The Pleasanton Reads Project Changes Lives

Three years ago Robert E. Grove, Ph.D read an article about the Pleasanton Reads Project, the Pleasanton Library's basic adult literacy and English as a Second Language (ESL) program. Grove, a serial entrepreneur turned consultant, had always been interested in languages and decided to volunteer as a tutor.

The Pleasanton Library offers volunteer tutor training and orientation sessions every other month. After taking a four-hour training class, Grove was matched with a student who worked as a restaurant busser. They met together regularly to improve her English. When they first met, the student had worked in the same job for well over 10 years, always at minimum wage.

"Without English fluency, she would be forever trapped in the lowest level of job opportunities," says Grove. "With help from me, and a tremendous amount of hard work on her part, she is now fluent in English and has a much better job, with significantly higher pay."

Grove's experience is just one of many success stories that have grown out of the free Pleasanton Reads Project, which matches tutors with eligible adult students and provides meeting spaces for both tutoring and ESL conversation practice groups.

"The Tri-Valley's diverse communities include many recent immigrants who are eager to improve their English and learn about American culture," says Lori Carducci, an Adult Literacy and Reference Services Library Assistant. "Our program provides this valuable opportunity and helps adults meet their career, family, and community goals."

Hundreds of adults are able to take advantage of the Pleasanton Reads Project thanks to the support of more than 140 volunteers, but more volunteers are badly needed. "We currently have a list of over 100 adult learners waiting to be matched with a tutor," notes Carducci. That means eager adult learners must wait six months or longer to improve their English skills.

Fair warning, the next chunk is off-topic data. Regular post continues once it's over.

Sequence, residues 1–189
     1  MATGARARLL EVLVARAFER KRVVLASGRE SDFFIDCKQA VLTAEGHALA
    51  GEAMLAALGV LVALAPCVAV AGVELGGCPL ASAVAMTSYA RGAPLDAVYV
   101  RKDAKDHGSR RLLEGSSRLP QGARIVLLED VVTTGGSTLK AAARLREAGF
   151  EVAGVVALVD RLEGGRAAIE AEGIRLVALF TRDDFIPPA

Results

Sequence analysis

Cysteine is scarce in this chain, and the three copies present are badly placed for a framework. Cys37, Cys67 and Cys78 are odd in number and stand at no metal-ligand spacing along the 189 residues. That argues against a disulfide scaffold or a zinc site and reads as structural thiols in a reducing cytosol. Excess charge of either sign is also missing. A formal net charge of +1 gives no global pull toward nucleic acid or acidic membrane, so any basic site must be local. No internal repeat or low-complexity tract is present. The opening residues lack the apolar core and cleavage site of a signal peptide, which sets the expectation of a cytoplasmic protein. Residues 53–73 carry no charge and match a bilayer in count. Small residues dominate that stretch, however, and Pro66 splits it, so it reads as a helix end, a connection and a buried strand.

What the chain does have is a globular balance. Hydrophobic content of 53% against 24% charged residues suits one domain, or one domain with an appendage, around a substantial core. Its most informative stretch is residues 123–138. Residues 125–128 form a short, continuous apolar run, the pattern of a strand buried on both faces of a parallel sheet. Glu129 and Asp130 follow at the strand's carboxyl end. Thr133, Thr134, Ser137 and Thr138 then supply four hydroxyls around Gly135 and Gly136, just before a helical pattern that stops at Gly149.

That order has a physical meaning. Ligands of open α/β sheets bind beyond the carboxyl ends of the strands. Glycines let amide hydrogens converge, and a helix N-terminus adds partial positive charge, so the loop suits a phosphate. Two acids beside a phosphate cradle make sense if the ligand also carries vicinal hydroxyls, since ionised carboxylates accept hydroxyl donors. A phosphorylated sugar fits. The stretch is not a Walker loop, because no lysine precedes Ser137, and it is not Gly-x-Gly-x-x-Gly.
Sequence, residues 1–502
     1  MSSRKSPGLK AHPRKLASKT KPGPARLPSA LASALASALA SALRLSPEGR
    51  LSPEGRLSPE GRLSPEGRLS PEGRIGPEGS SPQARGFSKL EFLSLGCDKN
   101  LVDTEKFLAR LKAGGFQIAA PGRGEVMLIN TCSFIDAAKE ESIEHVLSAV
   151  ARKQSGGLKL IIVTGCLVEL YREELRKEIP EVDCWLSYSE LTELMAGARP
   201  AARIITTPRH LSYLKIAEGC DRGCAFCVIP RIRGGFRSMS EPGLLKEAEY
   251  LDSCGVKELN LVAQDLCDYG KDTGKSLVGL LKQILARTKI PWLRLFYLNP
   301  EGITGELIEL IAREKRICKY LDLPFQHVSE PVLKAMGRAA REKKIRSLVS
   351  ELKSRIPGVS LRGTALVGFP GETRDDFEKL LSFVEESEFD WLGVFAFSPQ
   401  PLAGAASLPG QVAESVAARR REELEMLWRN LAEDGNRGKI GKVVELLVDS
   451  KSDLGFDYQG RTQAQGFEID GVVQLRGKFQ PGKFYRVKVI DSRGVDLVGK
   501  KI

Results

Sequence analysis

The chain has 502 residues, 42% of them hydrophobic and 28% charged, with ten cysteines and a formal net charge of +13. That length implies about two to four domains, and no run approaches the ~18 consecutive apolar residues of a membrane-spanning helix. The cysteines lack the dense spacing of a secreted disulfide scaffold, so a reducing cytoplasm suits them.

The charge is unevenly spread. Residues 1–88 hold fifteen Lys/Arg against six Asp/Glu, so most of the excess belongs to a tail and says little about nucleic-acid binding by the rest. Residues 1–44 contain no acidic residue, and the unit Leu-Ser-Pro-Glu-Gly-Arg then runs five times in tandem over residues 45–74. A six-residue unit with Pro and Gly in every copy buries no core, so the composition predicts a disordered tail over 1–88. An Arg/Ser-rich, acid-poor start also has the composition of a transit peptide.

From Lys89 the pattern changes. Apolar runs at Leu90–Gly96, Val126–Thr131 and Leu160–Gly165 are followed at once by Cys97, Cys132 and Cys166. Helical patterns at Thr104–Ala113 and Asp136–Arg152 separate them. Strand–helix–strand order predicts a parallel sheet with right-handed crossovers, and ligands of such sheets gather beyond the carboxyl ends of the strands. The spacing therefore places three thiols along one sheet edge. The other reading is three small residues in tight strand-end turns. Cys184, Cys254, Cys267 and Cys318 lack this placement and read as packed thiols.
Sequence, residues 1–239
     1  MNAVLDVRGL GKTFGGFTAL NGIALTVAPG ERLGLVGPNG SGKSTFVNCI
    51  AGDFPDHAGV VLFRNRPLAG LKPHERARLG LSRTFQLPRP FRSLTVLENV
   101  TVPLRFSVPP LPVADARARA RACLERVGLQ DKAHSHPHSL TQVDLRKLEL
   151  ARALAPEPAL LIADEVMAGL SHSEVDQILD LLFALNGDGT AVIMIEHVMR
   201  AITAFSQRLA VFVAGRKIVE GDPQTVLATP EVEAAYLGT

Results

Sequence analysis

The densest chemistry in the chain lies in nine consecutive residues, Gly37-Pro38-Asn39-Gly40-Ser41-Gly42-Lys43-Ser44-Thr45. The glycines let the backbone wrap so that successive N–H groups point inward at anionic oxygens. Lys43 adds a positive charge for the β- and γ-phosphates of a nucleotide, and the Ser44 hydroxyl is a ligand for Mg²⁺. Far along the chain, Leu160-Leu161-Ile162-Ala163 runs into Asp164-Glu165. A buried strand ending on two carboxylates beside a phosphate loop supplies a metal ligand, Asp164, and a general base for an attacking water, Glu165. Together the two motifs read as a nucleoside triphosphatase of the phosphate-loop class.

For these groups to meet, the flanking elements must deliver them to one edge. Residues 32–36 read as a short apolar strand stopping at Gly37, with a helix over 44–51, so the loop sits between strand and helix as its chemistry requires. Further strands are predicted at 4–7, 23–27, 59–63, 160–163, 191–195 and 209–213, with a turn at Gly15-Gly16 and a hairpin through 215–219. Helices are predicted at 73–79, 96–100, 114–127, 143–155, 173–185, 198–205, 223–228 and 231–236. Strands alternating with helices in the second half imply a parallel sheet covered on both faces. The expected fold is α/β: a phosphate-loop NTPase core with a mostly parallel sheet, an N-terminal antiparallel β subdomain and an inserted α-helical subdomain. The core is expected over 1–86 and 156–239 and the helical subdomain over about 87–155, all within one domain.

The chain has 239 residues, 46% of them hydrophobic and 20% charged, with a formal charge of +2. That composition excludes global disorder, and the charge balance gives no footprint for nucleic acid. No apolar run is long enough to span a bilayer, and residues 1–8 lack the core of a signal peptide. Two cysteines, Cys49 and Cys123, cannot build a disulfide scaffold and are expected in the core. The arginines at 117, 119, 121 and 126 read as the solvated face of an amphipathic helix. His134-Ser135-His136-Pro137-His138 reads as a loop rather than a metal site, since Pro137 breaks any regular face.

While a number of tutors have a teaching background, many, like Grove, simply have the time and interest that make tutoring effective. "We have tutors from all walks of life, some retired, some engineers, some homemakers," says Carducci, who says all types of tutors are welcome, including people born outside of the United States. "We don't force students and teachers to follow a curriculum," Carducci says. Moreover, "our pairs really develop a great relationship."

If you ask Grove about the best part of his tutoring experience, his answer is simple: "I had the opportunity to change someone's life. Given the exceptionally high cost of living in the Bay Area, the impact of making an additional 5 or 10 dollars per hour is enormous."

Grove says he also benefited as a tutor. "It's an old and true cliche that giving a present is more rewarding than receiving one; and giving the gift of language skills to make a person's life better has been tremendously rewarding for me."

The Pleasanton Public Library offers many programs in addition to the Pleasanton Reads Project. It is a place "where anyone and everyone is welcome to come and explore all that we have to offer," says Carducci. "Our values as an organization highlight customer service and inclusiveness, two values that help us to focus on our community."

For more information about the Pleasanton Reads Project, visit

For more information about the Pleasanton Public Library, visit

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